Big boys Tonka Toys shape dirt-piles

Bob Graef -
Bob Graef
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Have you taken in the best shows in town? Theyre not to be found at the Casino Amphitheater or Everetts Events Center but spotted around town where new schools are going up.
I cant complain about the fences surrounding Marysvilles school construction sites. There was a time, before the price per panel skyrocketed, when construction barriers were made of plywood. Lousy for viewing. You had to peek through seams to catch a glimpse of what was going on inside. These modern woven-wire barriers offer unrestricted visibility which can become an issue when passing drivers slow to a crawl to admire the action.
Have you noticed the dirt pile near the new school on the Rez? Its the mother of all dirt piles. When I was a kid, a pile like that would have been a magnet. Harold and Bill Palmer, Dick Thiele and I would have claimed it as ours and clambered up its sides to play King of the Mountain. In case King of the Mountain is another childhood game that disappeared into history along with work-up softball, here are the rules.
There are no rules. Think of a Marine Corps pugil-pit where the winner is the last one in the pit, having thrown everyone else out. King of the Mountain is similar in that the object is to be the last one on top, having thrown everyone else down. No rules doesnt mean the game was without tactics. It goes without saying that the one on top owns quite an advantage over whoever might be clawing his way up so Harold, Bill and Dick joined in a three-point attack when I was on top temporarily.
Good dirt piles are temporary features of most construction projects. Their lives are too short to grow grass and brush so the dirt is loose, good for kicking toe-holds, good for tumbling down without suffering serious injury, good for invading shoes and pockets and grinding into scalps and ears, good for a thorough scolding afterwards at home.
Dirt piles have universal appeal. Back in the early 60s when Homer and Lou Goodrichs house was going up next door, there was a dirt pile. We had quite an assortment of neighborhood dogs in that time before leash-laws. Our dog, Sam, joined his buddies atop the dirt pile each morning to figure out their plan for the day. They sat in a small circle until consensus was reached, then down the pile they skidded to trail off to whatever mischief gets invented in dog-brains.
The spoil-sports of modern construction feel they need to erect fences around their dirt piles. I suppose there is a reason, what with some hundreds of thousands of dollars worth of machinery lying about. That wasnt a problem when I grew up. Mr. Beamis had a white horse named Silver that pulled a thing called a Fresno scoop which, with Silver, was the only piece of earthmoving equipment on a site. He and his horse took it home with them each night.
Think of a jumbo flat-bottomed open-fronted wheelbarrow with no wheel. Mr. Beamis directed it by shouting Gee! Or Haw! to turn his horse right or left to scoop up whatever soil was to be moved. Once hed collected a load, the horse dragged it up a growing dirt pile where Mr. Beamis threw the handles up and forward to dump his load. How things have changed.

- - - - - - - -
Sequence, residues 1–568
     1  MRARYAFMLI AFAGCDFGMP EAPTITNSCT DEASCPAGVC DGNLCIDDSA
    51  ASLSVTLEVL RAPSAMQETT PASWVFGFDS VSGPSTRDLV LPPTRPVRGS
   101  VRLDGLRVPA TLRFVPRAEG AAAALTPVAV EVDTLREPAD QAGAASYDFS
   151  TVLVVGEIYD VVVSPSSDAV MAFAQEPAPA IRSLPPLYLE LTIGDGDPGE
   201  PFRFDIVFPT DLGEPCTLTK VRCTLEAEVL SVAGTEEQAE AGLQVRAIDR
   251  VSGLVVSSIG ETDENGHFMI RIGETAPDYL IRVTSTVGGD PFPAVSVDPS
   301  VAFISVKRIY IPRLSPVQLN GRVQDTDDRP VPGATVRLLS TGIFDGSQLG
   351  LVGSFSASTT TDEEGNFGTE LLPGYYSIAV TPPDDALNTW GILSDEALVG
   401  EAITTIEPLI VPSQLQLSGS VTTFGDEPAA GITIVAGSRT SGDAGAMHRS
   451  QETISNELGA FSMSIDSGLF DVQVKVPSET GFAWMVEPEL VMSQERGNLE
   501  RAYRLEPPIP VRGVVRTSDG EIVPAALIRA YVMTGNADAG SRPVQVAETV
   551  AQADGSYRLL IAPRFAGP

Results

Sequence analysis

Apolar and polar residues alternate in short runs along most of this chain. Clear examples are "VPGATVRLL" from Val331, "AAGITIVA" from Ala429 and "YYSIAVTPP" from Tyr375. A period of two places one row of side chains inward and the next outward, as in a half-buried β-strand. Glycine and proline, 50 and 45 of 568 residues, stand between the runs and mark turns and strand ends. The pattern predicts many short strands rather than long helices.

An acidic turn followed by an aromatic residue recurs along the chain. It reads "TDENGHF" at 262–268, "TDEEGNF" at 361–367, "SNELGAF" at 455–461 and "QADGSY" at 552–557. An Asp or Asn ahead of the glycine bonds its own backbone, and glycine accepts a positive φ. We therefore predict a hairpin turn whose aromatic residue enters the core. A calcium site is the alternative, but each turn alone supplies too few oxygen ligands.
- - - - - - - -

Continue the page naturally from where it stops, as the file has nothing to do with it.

On our school construction sites, hard-hatted operators twiddle joy-sticks to control multi-ton snorting diesel diggers. The controls are so delicate and precise that, should an operator drop his hard hat, he could probably retrieve it with his bucket and return it to his head, suffering no more than a mild concussion. My kids and grandchildren love to watch, having grown up watching Dave the Builder, a video titled, There Goes a Bulldozer and an ABC book titled, B is for Bulldozer.
The action at the new elementary site at 67th and Grove is especially entertaining. Operators atop track-hoes spent the month shuttling transient piles of dirt. To onlookers, it seemed they were forever finding that something has to be done right under where they last made a pile. One day a pile is here, the next its there. Equipment operators seem to be especially fond of slopes and summits where they enjoy perching their machines. Precarious, but it adds a little spice to the routine. They scoop and dump, scoop and dump a gazillion times each day and face more days of the same. Surely the thrill wears off but Id still love to get my hands on the controls for a few minutes.
We sidewalk-superintendents had a treat watching a big auger bore holes for pilings at the elementary site. A 60-foot tall drill supported by a monster crane brought up peat and gray sand that was too mushy to support a two-storey building. The one-time corn field is so soft that houses bordering the site on the south rest on wood pilings set years ago by Wes Goheens amphibious pile-driver. Hundreds of pilings now underlie the school building to assure safety during earthquakes.
Youll have to be quick about it if you want to watch the remaining action on the 27th Avenue project. One week it was all bare foundations, the next week a modular school was stuck together, ready for finishing.
Everywhere you look you see new houses. Here and there a new school. Im betting that the thousands of new houses will generate so much added enrollment that our new schools will open with portables on the sites to handle instant overflow. Any takers?

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